How could this year’s general election affect your investment portfolio?

The UK is set to head to the polls for a general election before the end of this year. It’s an important political event that can have ramifications for years to come.

As well as potentially affecting how the country is run, the election can have an effect on the UK stock market. That’s because, by its very nature, an election creates uncertainty about the future, which is uncomfortable for investors.

But the election needn’t be a reason to panic about your investment portfolio. Read on to learn more about how the stock markets might be affected and how you can mitigate the impact this may have on your portfolio.

Markets can be volatile in the run-up to a general election

As a general election approaches, uncertainty about the result and its implications can create volatility on the stock market.

Schroders reports that the level of volatility is generally dictated by how close the result is likely to be.

The chart below shows how the FTSE 100 performed in the run-up to seven general elections in the UK. As you can see, the elections that had a likely winner tended to create more favourable conditions for the FTSE 100, whereas elections that were too close to call led to a drop in value for the index.

Source: Schroders

The outcome of an election can affect stock market returns

Once the result of an election is announced, the uncertainty that may have created volatility previously no longer exists. However, depending on the outcome, the stock market could still react unpredictably.

AJ Bell reports that an incumbent win could result in lower stock market returns than a change of government, according to data based on the FTSE All-Share during general elections since 1962.

Source: AJ Bell. *1964/66 to 1970 Wilson governments and 1974/74 to 1979 Wilson/Callaghan governments counted as one term. 2019 Conservative government to 5 January Labour governments can also point to healthy average stock market gains during the terms of their five prime ministers during the 42-year era of the FTSE All-Share

That said, the same data also suggests that Conservative wins have previously produced higher returns than a Labour win.

Source: AJ Bell. *1964/66 to 1970 Wilson governments and 1974/74 to 1979 Wilson/Callaghan governments counted as one term. 2019 Conservative government to 5 January 2024. **Adjusted for Retail Price Index (RPI)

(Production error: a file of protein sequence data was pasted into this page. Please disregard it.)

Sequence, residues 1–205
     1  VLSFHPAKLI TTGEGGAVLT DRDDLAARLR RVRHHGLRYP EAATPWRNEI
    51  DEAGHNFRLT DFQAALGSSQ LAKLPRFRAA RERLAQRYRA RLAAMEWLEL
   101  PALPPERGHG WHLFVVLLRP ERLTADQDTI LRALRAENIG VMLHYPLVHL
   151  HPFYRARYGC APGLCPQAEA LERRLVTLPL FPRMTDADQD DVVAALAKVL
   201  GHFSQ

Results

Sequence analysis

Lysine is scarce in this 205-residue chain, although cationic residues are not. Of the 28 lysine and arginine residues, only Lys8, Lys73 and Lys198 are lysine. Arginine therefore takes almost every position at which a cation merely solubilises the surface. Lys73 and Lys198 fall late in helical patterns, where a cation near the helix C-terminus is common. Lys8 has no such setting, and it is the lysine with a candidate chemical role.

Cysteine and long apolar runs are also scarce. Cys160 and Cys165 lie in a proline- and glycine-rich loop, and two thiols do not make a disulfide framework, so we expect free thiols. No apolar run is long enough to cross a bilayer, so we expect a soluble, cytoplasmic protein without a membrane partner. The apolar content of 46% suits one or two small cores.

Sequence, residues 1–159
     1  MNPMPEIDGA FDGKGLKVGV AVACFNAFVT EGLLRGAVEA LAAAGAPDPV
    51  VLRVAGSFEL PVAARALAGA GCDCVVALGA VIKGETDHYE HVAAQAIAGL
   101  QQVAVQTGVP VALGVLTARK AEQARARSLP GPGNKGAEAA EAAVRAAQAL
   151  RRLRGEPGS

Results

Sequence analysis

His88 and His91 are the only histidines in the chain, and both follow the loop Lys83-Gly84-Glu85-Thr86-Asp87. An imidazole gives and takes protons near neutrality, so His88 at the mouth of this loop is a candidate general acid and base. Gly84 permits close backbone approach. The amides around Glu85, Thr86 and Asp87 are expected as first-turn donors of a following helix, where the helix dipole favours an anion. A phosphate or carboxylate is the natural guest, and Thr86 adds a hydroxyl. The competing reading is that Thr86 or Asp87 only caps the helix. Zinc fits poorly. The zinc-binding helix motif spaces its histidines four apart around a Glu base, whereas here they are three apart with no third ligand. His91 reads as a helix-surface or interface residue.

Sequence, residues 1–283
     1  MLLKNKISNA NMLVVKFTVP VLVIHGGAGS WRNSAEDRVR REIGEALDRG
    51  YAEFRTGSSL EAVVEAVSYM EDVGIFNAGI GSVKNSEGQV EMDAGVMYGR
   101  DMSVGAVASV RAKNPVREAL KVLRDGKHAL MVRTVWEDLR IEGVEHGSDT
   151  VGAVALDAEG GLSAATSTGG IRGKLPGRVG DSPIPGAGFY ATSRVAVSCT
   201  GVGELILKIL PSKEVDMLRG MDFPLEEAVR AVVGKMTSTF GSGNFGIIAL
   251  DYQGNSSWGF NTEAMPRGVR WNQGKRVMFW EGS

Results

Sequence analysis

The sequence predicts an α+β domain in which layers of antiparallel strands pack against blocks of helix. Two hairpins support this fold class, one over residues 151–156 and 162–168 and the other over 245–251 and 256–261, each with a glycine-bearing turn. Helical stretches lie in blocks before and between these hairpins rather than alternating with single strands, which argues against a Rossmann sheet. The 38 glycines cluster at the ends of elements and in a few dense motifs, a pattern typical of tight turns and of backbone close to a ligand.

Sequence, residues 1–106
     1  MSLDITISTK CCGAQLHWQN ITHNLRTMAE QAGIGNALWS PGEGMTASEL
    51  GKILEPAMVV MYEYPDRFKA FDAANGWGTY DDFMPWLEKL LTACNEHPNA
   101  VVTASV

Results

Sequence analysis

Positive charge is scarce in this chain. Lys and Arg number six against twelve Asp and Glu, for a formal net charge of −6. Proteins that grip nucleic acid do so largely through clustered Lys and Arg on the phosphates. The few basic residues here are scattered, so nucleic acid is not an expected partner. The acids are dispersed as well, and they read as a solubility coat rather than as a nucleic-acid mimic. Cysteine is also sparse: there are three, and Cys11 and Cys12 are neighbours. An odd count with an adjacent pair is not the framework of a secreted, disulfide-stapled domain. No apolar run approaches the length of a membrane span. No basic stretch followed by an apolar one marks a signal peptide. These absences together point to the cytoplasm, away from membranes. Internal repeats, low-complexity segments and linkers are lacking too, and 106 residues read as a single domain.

So, while historical data can give us an idea of what might happen after the general election, in reality, it’s impossible to predict exactly how the stock market might react. That’s because it’s affected by many different factors at the same time, including the behaviour of thousands of individual investors.

With so many conflicting factors affecting the markets at once, attempting to predict the returns your investments might achieve in the near future is often a fool’s errand. It’s usually more sensible to focus on your own long-term goals than the short-term movements on the stock market.

A general election is unlikely to affect your investments long term

No matter how the stock market reacts to the general election this year, the effects are unlikely to have a long-term effect on your portfolio. There are two reasons for this.

  1. It’s usually sensible to hold your investments for a minimum of five years, ideally more. This time horizon is recommended because it gives your portfolio ample time to recover from any dips in value that you might experience during volatility. So, if the election does have a negative effect, in the same way that other global events have affected the stock market, over time your portfolio is likely to have the opportunity to recoup these losses.
  2. The UK stock market is unlikely to make up the entirety of your portfolio. Diversification across geographical regions and asset types is a key principle of investing. So, even if the UK stock market does face volatility, the investments you’ve made in other stock markets can mitigate the impact of this on your overall portfolio.

As you can see, though the upcoming general election may have an effect on the UK stock market, there’s no reason to panic or make changes to your investments.

Get in touch

If you’re concerned about how the general election or other world events could affect your portfolio, we can help. At Logic, we stay up to date with the latest movements on the market so that we can reassure you about your investments and the most sensible next steps for your finances.

Please email us at or check with your adviser to learn more.

Please note

This article is for general information only and does not constitute advice. The information is aimed at retail clients only.

The value of your investments (and any income from them) can go down as well as up and you may not get back the full amount you invested. Past performance is not a reliable indicator of future performance.

Investments should be considered over the longer term and should fit in with your overall attitude to risk and financial circumstances.